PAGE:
Distal Clavicle Resection With Rotator Cuff Repair

The safety and scientific validity of this study is the responsibility of the study sponsor and investigators. Listing a study does not mean it has been evaluated by the U.S. Federal Government. Read our disclaimer for details. Identifier: NCT01040065
Recruitment Status : Unknown
Verified June 2011 by Samsung Medical Center.
Recruitment status was:  Recruiting
First Posted : December 25, 2009
Last Update Posted : June 29, 2011
Information provided by:
Samsung Medical Center

Brief Summary:
The purpose of this study is to determine whether distal clavicle resection is effective treatments in patients with acromioclavicular joint pain accompanied by rotator cuff tear.

Condition or disease Intervention/treatment
Acromioclavicular Joint Arthritis Procedure: distal clavicle resection

Detailed Description:
Today, acromioclavicular joint syndrome is itself rarely a cause for hospital visit, and the need for its treatment is even rarer. In comparison, patients who suffer rotator cuff tear accompanied by shoulder impingement syndrome often complain of acromioclavicular joint pain. However, often patients who complain of severe pain have no positive findings on X-ray or MRI, or any sign of impingement. On the other hand, there are patients with positive findings on X-ray or MRI who have only little pain. Even a patient who in the out-patient-department complained of acromioclavicular joint pain on pressure may feel pain on pressure in the physical exam performed for rotator cuff tear surgery. The opposite is very frequent as well, so it is often different depending on the time and the performer. In the literature, there are some authors who maintain that a distal clavicular resection must be done when surgery is used to treat the impingement syndrome, while on the other hand, there are those who endorse only complaining (an operation to trim the distal clavicle and the protruding part of adjust the plane acromion in order to level their plane), and also those who propose an all or none approach to either perform a distal clavicular resection or not at all. Thus, there are varying opinions depending on the authors; moreover, these are all observational studies, and none report on the rotator cuff tear injury. The authors of this study hypothesize and will prove that since the osteoarthritic change and pain of the acromioclavicular joint is secondary to impingement syndrome, distal clavicular resection on rotator cuff repair surgery will have no long term effect.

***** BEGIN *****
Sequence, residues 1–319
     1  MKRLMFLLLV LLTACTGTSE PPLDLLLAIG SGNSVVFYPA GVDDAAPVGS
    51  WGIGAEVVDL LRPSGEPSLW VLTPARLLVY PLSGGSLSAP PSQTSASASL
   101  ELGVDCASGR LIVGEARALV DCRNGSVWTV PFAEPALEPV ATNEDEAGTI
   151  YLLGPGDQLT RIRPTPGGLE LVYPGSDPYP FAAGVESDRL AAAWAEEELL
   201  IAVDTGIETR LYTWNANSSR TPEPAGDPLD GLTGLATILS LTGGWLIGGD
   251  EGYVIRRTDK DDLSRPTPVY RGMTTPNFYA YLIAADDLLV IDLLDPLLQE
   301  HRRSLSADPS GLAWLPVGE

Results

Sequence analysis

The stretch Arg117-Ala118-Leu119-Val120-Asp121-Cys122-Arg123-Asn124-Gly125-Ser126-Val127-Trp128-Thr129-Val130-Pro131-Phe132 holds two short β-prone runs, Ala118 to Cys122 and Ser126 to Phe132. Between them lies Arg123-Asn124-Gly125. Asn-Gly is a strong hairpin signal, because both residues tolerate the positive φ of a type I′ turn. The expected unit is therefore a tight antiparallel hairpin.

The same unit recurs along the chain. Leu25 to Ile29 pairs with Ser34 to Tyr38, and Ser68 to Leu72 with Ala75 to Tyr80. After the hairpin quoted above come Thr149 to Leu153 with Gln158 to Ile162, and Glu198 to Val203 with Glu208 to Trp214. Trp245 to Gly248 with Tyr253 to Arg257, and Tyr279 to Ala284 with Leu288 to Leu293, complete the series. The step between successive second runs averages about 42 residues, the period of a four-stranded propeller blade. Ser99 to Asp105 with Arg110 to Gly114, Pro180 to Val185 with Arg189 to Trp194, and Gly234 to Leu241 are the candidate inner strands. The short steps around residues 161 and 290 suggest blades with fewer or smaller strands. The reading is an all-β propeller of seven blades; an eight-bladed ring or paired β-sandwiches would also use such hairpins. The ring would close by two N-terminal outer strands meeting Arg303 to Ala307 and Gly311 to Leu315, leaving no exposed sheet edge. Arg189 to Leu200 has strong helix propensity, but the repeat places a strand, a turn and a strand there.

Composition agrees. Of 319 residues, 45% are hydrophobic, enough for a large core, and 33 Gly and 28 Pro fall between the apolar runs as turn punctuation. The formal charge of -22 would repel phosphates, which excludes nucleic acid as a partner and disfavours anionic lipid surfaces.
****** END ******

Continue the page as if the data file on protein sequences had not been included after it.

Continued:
Study Type : Observational
Estimated Enrollment : 60 participants
Observational Model: Case Control
Time Perspective: Prospective
Official Title: Distal Clavicle Resection of Symptomatic Acromioclavicular Joint Arthritis Combined With Rotator Cuff Tear. Prospective Randomized Trial
Study Start Date : June 2008
Actual Primary Completion Date : February 2010
Estimated Study Completion Date : March 2012

Resource links provided by the National Library of Medicine

Intervention Details:
  • Procedure: distal clavicle resection
    Presence of tenderness at 2 years after surgery
    Other Name: mumford procedure

Primary Outcome Measures :
  1. the presence of acromioclavicular joint tenderness [ Time Frame: 2 years ]

Secondary Outcome Measures :
  1. American Shoulder and Elbow Surgeons score [ Time Frame: 2 years ]

Information from the National Library of Medicine

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Ages Eligible for Study:   Child, Adult, Older Adult
Sexes Eligible for Study:   All
Accepts Healthy Volunteers:   No
Sampling Method:   Non-Probability Sample
Study Population
medium sized rotator cuff tears

Inclusion Criteria:

  • rotator-cuff tear requiring repair
  • acromioclavicular joint tenderness more than moderate(Pain Visual Analogue Scale 4-7)
  • acromioclavicular arthritis(Petersson Grade II-III)

Exclusion Criteria:

  • Arthritic changes of glenohumeral joint
  • Combined infection
  • Mini-open, open procedures
  • Complete subscapularis tear
  • Incomplete repair
  • Neurologic abnormality including axillary nerve
  • Adhesive capsulitis
  • Prior surgery, trauma, or infection on shoulder girdle
  • SLAP lesion or biceps tendon lesion without rotator-cuff tear or impingement syndrome

Information from the National Library of Medicine

To learn more about this study, you or your doctor may contact the study research staff using the contact information provided by the sponsor.

Please refer to this study by its identifier (NCT number): NCT01040065

Contact: Jae Chul Yoo, MD 821099333501

Korea, Republic of
Samsung Medical Center Recruiting
Seoul, Korea, Republic of, 135-710
Contact: Jae chul Yoo, MD    821099333501   
Principal Investigator: Jae Chul Yoo, MD         
Principal Investigator: Kyoung Hwan Koh, MD         
Sponsors and Collaborators
Samsung Medical Center
Principal Investigator: Jae Chul Yoo, MD Samsung Medical Center